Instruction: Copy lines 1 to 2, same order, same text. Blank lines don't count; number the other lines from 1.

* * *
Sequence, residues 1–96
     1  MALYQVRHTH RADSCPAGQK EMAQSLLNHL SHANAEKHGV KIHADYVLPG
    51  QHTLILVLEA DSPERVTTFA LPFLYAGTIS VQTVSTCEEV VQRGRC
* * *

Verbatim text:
Sequence, residues 1–96
     1  MALYQVRHTH RADSCPAGQK EMAQSLLNHL SHANAEKHGV KIHADYVLPG